Leveraging Interest Rate Risk Management

Maximizing the Effectiveness of Your Risk Management Practices

With two recent raises from the Federal Reserve and an anticipated two or three more on the way this year, plus an increase in regulatory scrutiny, interest rate risk should be top-of-mind for every financial institution. However, not all interest rate risk methodologies are created equal. Bank management must review their practices to ensure they incorporate interest rate risk management with the bank's overall strategic plan, address the most likely risks, and utilize their risk management tools for more than just satisfying regulatory requirements. 

Interest Rate Risk and the Strategic Plan

The first step in aligning the bank's interest rate risk practices with the strategic plan is to define an acceptable level of risk, typically dictated by the board of directors. Too little risk can be just as harmful to the bank (via lost profits) as too much risk. "Risk management isn't risk avoidance," said Marc Gall, vice president at BOK Financial Institution Advisors. "The bank takes risks all the time, so you're not trying to avoid it. You're trying to manage it." Bank management must determine whether they believe the risk profile they use accurately represents the bank's risk. "Many of the tools and approaches we've used in the past have been driven by regulatory requirements, not the bank's needs," explained Dave Koch, president and CEO of FARIN & Associates. "Reconcile the reports with what everyone actually believes the bank's risk position actually is."

The exact strategy for managing that risk will be different at every institution. "It's always important for bank managers to recognize the unique characteristics of their institution, business model, customer base and local market area," said Jeff Caughron, president and CEO of The Baker Group. "There's no cookie-cutter approach to interest rate risk strategies because every single balance sheet has its own unique considerations." Those include the mix of assets and liabilities and their rate sensitivity as well as any unusual instruments or off-balance sheet derivatives. The bottom line is: what works for one bank may not work for another, even within the same market. "There are so many nuances," said Gary J. Young, president & CEO of Young & Associates, Inc. "For every rule of thumb, there are exceptions." For example, while most Wisconsin banks will benefit from keeping interest rates as low as possible on deposit accounts, a small branch in a large market with few deposits may benefit from being extremely aggressive in raising rates.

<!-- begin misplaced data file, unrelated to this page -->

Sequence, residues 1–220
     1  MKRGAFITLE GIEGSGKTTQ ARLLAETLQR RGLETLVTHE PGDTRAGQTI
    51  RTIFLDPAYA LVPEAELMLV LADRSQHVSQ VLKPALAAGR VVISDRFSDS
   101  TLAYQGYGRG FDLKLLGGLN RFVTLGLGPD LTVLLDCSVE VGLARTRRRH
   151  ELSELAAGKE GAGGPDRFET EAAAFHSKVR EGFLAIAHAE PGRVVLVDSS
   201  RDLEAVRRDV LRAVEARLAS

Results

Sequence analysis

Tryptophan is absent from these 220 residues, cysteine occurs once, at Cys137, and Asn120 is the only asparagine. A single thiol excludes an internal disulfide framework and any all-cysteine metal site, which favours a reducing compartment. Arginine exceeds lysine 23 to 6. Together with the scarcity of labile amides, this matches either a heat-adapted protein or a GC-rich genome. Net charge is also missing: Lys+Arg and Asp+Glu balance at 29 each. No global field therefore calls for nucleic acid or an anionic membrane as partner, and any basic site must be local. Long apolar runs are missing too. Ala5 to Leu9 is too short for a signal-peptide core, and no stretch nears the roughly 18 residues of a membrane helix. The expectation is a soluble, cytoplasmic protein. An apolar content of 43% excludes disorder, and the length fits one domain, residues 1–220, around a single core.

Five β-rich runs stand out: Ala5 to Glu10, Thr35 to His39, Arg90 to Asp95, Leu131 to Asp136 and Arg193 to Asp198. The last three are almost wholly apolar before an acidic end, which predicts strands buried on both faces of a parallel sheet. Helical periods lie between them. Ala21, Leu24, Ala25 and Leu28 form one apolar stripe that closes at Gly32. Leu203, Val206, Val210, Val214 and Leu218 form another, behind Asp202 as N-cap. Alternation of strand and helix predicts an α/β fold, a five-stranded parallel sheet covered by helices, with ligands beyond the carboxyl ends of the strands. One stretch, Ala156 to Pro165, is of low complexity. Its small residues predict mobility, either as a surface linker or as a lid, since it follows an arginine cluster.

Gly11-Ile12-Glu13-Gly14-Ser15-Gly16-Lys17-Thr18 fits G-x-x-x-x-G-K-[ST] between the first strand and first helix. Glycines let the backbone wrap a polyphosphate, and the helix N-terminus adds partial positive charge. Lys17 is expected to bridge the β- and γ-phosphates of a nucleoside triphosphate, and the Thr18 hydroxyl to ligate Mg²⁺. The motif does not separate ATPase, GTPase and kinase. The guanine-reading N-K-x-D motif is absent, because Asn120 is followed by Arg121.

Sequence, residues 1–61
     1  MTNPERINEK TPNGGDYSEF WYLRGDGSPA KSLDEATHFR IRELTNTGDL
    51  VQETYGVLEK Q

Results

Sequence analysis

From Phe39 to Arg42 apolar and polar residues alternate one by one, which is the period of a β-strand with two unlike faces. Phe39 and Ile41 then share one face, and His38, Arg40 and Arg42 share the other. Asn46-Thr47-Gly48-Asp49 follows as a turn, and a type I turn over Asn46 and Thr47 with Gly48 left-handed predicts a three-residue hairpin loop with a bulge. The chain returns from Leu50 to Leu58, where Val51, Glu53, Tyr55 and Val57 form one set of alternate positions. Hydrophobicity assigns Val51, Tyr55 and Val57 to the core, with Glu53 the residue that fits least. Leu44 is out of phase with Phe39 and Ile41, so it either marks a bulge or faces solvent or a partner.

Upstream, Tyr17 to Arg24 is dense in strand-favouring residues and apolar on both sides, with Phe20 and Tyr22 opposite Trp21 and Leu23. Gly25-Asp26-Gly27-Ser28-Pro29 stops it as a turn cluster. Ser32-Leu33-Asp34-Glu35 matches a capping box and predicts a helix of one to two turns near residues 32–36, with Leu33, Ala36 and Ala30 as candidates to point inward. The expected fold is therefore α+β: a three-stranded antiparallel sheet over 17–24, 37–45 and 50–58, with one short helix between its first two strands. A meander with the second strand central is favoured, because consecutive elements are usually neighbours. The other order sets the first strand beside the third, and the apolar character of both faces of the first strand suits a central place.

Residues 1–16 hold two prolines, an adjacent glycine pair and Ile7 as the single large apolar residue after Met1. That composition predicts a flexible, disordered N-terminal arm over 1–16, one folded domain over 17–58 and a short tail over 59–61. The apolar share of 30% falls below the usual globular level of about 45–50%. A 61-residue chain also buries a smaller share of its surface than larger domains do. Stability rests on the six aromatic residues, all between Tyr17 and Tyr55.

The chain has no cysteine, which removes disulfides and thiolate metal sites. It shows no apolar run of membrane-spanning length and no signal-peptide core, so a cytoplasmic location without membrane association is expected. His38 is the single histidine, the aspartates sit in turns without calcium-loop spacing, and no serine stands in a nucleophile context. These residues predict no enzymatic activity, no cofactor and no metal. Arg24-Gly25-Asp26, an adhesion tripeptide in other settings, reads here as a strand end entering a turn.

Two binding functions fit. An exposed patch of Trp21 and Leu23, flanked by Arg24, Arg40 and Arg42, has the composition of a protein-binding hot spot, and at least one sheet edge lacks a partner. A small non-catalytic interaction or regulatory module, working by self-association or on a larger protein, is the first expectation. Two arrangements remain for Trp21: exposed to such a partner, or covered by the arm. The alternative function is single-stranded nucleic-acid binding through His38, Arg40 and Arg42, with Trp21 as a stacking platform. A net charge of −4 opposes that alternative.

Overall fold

The Usual Suspects: Common Risks

Despite each bank needing a unique interest rate risk management strategy, they share many of the same risks. After all, the entire industry is operating under the same prolonged low-rate environment. One common risk associated with that environment is the speed at which different banks will respond to rising rates. Many risk models show all loan rates going up by the same amount at the same time, when in reality the change is much more varied. "One vulnerability is the disconnect between the reality of how loan rates move versus how they're being modeled," said Koch. At the time of this writing, the Fed has increased its rate by 75 bps, yet there has been virtually no change in non-maturity account rates. "The bank needs to establish a strategy with respect to what they're going to do when other banks raise their interest rates, because it's going to happen," said Young. "It's best to think those things through before the event occurs." 

Another, more widespread concern is the question of how funds will move between non-maturity accounts and certificates as rates rise. The ratio of non-maturity accounts to CDs is very different today than it was prior to the Great Recession and subsequent rate collapse. According to Young, the average bank's pre-recession ratio of CDs to NMAs was 60%/40%. Today, a ratio of 30%/70% is not uncommon because of the prolonged low cost of funds. That dramatic swing has caught the attention of regulators because it has massive potential for interest rate risk as the spread widens between CD rates and NMA rates and depositors begin moving their money. "Trying to get a good understanding of how price-sensitive those [deposit] accounts are and how long those funds will stay there is one of the biggest challenges today," said Gall. Of course, the entire situation is uncharted territory, so there are no guarantees. "A core deposit study will absolutely help you manage that deposit relationship better and understand how to best control those costs while still meeting the customers' needs," Koch advised.